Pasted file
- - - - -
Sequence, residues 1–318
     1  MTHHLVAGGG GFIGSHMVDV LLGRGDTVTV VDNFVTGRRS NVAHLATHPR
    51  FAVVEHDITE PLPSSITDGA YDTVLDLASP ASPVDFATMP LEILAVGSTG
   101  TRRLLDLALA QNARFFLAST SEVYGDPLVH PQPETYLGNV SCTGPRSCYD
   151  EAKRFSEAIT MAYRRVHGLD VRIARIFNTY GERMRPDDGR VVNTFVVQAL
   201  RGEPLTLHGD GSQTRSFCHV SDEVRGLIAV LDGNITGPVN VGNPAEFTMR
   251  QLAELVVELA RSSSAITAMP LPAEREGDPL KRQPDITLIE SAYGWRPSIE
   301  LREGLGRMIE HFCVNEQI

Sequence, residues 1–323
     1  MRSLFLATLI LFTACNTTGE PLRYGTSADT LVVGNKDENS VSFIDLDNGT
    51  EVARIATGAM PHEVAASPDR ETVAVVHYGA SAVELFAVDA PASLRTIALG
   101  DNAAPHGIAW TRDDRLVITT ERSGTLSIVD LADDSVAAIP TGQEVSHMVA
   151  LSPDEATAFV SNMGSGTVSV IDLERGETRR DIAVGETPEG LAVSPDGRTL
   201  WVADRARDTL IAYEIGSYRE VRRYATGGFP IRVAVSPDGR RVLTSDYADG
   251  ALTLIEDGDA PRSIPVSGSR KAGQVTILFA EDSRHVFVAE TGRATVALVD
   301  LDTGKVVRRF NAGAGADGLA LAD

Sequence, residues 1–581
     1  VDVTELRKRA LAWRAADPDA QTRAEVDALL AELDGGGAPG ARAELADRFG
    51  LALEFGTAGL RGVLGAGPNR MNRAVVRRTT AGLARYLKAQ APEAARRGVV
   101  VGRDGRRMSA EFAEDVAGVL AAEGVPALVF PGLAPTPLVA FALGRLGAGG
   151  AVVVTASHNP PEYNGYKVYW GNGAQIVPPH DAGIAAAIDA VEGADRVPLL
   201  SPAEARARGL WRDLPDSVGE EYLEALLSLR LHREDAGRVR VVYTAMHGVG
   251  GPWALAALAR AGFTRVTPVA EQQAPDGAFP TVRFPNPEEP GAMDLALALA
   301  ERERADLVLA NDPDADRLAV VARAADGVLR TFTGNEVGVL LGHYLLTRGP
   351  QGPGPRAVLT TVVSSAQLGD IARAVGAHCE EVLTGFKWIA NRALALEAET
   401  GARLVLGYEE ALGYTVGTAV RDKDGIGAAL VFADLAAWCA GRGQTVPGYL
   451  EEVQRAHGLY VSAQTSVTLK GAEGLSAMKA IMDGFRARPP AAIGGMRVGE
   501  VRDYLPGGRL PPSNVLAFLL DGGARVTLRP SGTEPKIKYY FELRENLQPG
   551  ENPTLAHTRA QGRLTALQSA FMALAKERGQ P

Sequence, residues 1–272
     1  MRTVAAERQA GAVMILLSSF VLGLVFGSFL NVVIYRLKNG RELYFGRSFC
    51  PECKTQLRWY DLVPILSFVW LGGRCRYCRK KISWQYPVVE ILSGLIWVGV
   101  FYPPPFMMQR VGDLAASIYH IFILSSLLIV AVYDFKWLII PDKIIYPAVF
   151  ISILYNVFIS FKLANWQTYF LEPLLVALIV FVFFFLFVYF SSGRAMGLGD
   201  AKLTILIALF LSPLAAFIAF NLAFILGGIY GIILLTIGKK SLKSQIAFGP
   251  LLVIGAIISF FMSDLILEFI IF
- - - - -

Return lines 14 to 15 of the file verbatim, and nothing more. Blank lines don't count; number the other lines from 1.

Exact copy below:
   201  WVADRARDTL IAYEIGSYRE VRRYATGGFP IRVAVSPDGR RVLTSDYADG
   251  ALTLIEDGDA PRSIPVSGSR KAGQVTILFA EDSRHVFVAE TGRATVALVD